The health services department of Texas has expressed concerns regarding five of its regional infusion centers running out of the sole monoclonal antibody treatment that has been deemed effective against Covid-19’s highly transmissible omicron variant. As of late, the new iteration of the virus accounts for 90 percent of the latest cases in the Lone Star State.
Sotrovimab going gone
According to the Texas Department of State Health Services, the regional infusion centers in The Woodlands, San Antonio, Fort Worth, Austin, and El Paso “have exhausted their supply of sotrovimab,” which is the only known monoclonal antibody treatment that is considered effective in battling the omicron variant, The Texas Tribune writes.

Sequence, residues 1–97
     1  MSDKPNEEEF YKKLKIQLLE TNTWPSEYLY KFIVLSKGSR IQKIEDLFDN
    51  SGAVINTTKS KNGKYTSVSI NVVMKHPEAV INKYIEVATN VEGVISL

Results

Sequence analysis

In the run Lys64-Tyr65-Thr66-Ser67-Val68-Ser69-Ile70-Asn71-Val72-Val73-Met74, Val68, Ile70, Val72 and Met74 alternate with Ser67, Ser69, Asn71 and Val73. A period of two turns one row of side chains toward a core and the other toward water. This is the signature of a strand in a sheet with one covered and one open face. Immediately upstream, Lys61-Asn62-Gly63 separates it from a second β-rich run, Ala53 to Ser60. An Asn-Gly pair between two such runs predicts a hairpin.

The department further explained that such a situation can be traced back to the national shortage of the treatment as this was manufactured by GlaxoSmithKline, not to mention receiving an emergency use authorization from the United States Food and Drug Administration back in May.
As a result, the above-mentioned Texan infusion centers won’t be able to offer sotrovimab treatment until authorities get more of this monoclonal antibody treatment in January. Department spokesperson Chris Van Deusen highlighted that other infusion centers will likely be the ones using what is left of their sotrovimab in the following days.
For the uninitiated, these monoclonal antibodies are proteins manufactured inside laboratories that copy what the immune system does in preventing the virus from going inside the healthy cells. Also, such have been used in treating patients that are at high risk of getting seriously ill from Covid-19.